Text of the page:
We’re just one week away from the election result, and going by the opinion polls it looks like either one of the two main parties could just about get a majority, but not enough of a majority to govern without the help of other parties.
That leaves more questions than answers for England’s Private Rental Sector (PRS). In Scotland, Wales and Ireland there are already moves afoot or embedded legislation now giving more security of tenure and other protections to tenants. It looks like England is the last man standing as far as maintaining the flexible principles of the Assured Shorthold Tenancy (AST), so influential in growing the PRS over the last 20 years.
We’ve already seen a Lib Dem inspired change in the law which is likely to be effective later in the year, most likely October. Whilst the anti-retaliatory eviction rule brought about in the Deregulation Act 2015 is perhaps the mildest of the possible changes being touted in the various manifestos, it is still a sweeping change.
It leaves the goal wide open for those tenants so minded to stymie any attempt at eviction, or to delay the eviction process by at least 6 months, added on to an already lengthy process. My prediction is that this measure alone will drive some landlords out once they experience being stuck with a bad tenant under these new rules.
Labour is committed to price controls, not just in private renting but also in energy markets, rail transport, housing, wages in the labour market, healthcare and higher education. No doubt these polices will have voter appeal in some questers, but as far as being economically literate, they are disastrous. Anyone old enough to remember the fiasco of the Retail Prices Commission of the 1970s will recall how everyone’s energies were put into getting around price fixing, and the army of bureaucrats enforcing it, rather than getting on with creating wealth.
Price fixing has been tried many times and in many countries and never has it proved successful. It has been said that it led to the decline and fall of the Roman Empire when they imposed price controls to address the manifestations, rather than the root causes, of their problems. Diocletian, the Emperor, imposed price controls backed up by the threat of execution for alleged violators.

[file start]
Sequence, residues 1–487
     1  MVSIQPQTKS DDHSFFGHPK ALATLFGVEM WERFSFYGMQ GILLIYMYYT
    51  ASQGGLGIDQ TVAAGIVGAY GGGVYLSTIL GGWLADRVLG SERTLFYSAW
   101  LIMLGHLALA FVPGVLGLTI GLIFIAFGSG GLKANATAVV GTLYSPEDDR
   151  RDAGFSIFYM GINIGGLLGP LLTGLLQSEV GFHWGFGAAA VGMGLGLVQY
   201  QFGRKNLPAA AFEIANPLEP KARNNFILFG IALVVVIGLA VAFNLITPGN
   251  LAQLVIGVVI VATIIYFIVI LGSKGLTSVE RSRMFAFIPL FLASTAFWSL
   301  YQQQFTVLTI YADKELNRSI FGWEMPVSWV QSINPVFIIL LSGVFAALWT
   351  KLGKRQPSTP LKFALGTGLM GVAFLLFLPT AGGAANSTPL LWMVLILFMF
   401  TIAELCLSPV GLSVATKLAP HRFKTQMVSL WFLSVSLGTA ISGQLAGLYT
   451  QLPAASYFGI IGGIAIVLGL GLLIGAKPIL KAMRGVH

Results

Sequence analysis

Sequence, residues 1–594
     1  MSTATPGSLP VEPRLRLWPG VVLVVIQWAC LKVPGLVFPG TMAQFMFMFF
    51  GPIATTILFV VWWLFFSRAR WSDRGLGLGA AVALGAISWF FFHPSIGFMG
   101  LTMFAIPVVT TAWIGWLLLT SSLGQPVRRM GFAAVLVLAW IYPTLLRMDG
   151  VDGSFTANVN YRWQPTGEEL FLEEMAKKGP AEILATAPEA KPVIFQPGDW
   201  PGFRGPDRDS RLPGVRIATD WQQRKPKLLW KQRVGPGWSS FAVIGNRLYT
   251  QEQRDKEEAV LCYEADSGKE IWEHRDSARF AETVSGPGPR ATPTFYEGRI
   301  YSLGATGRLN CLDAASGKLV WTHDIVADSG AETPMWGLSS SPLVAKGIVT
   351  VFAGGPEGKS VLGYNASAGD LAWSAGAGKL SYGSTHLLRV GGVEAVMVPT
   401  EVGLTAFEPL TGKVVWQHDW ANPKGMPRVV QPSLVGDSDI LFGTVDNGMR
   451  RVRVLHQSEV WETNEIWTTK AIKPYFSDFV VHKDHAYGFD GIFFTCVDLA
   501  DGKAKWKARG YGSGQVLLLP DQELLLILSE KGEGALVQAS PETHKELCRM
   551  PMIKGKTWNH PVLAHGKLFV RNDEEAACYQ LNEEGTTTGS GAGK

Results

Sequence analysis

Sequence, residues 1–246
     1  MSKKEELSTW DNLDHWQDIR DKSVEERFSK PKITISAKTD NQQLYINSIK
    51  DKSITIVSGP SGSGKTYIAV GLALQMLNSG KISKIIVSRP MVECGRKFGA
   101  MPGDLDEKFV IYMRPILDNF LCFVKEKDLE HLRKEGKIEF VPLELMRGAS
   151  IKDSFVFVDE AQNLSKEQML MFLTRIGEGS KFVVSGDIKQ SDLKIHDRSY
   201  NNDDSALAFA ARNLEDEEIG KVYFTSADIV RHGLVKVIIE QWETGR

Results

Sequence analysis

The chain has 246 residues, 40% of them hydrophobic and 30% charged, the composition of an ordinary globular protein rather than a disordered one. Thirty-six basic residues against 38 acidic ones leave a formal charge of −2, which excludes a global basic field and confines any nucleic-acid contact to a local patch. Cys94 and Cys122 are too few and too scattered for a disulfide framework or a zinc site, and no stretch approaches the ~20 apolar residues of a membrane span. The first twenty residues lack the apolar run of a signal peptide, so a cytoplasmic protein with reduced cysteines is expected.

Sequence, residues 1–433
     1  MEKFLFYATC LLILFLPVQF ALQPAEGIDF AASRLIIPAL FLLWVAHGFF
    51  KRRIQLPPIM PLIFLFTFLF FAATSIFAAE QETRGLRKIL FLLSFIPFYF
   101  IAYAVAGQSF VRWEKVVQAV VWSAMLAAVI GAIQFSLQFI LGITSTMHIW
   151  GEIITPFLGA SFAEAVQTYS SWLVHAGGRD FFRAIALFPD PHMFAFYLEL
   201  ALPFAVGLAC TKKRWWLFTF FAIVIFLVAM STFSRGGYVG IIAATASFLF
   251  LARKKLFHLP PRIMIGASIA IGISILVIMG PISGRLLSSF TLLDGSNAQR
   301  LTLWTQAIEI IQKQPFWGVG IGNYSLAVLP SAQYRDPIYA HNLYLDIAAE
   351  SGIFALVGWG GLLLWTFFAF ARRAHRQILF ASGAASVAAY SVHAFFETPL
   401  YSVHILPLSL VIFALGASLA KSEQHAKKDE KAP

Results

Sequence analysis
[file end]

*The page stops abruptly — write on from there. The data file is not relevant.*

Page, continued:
Whichever party you look to, today’s British political parties are promising to rig markets and fix prices. Labour and the SNP are the worst, of course, but the Tories and Liberal Democrats are not too far behind. Price-fixing has not been this popular since the 1970s.
Anything that disrupts prices inevitably will damage economic efficiency, trigger decisions that reduce economic output and overall welfare and eventually result in the sort of anti-consumer chaos and scarcity created by central planning in Soviet era Russia.
Of course policies being put forward by the political parties might not be that bad, but they will still seriously disrupt a rental market which hitherto has been free to fix market rent rates. Price controls in the rental market will discourage new investment, lead to a deterioration in the housing stock, as landlords find they don’t have enough surplus to carry out proper maintenance, repairs and refurbishments, and a reduction in rental housing supply. In the end it will be the tenants at the bottom end of the market, the very people the policies are supposed to help, that will suffer.
The real problem in the housing sector, which successive governments have failed to adequately address, is one of supply.
Making it less profitable for investors to allocate capital to buy-to-let will merely reduce supply and in the end push up rents. Where tenancies are extended by law to three years, Labour’s policy, the landlords’ risk will increase, so higher returns will be needed to persuade them to invest. Something they will just not do if prices are fixed and they face long drawn out legal battles to remove delinquent tenants.
Britain faces some really tough social problems. These will not be solved by bribing voters with seemingly desirable policies such as fixing rent levels and making it difficult for landlords to run a profitable operation.
A chilling fact is that the analysis above holds true not only for the case where rent controls are in place, but even when they are only threatened, as now. The mere anticipation of controls is enough to have a cooling effect on investment, witness the drop in energy stocks when controls on these prices were announced, and the collapse in building company shares this week when Labour publicised their housing and renting policies.
Not only does rent control stop new construction, by reducing supply it destroys neighbourhoods. A real-life example of where rent control has been applied, entire neighbourhoods in New York City became decayed and abandoned. That’s because as demand outstripped supply, there is little incentive for landlords to keep their properties in a decent state, especially in poor parts of town.
That’s the exact opposite of what’s needed here: we need more good quality affordable housing which provides warm and safe accommodation at the bottom end of the market. Controlling rents and preventing or delaying evictions, even when they are fully justified, will never achieve that.